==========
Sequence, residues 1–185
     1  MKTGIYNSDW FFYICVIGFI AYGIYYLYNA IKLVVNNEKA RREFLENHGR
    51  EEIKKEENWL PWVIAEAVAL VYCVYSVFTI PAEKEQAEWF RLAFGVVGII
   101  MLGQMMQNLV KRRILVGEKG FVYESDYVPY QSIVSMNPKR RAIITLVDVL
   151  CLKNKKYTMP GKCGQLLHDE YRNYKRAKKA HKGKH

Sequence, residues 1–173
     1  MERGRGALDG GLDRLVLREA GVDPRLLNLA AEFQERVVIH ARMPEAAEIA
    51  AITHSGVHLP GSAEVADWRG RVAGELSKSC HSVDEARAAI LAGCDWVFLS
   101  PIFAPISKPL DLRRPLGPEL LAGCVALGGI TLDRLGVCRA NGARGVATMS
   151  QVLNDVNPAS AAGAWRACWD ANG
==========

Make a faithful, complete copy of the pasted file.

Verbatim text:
Sequence, residues 1–185
     1  MKTGIYNSDW FFYICVIGFI AYGIYYLYNA IKLVVNNEKA RREFLENHGR
    51  EEIKKEENWL PWVIAEAVAL VYCVYSVFTI PAEKEQAEWF RLAFGVVGII
   101  MLGQMMQNLV KRRILVGEKG FVYESDYVPY QSIVSMNPKR RAIITLVDVL
   151  CLKNKKYTMP GKCGQLLHDE YRNYKRAKKA HKGKH

Sequence, residues 1–173
     1  MERGRGALDG GLDRLVLREA GVDPRLLNLA AEFQERVVIH ARMPEAAEIA
    51  AITHSGVHLP GSAEVADWRG RVAGELSKSC HSVDEARAAI LAGCDWVFLS
   101  PIFAPISKPL DLRRPLGPEL LAGCVALGGI TLDRLGVCRA NGARGVATMS
   151  QVLNDVNPAS AAGAWRACWD ANG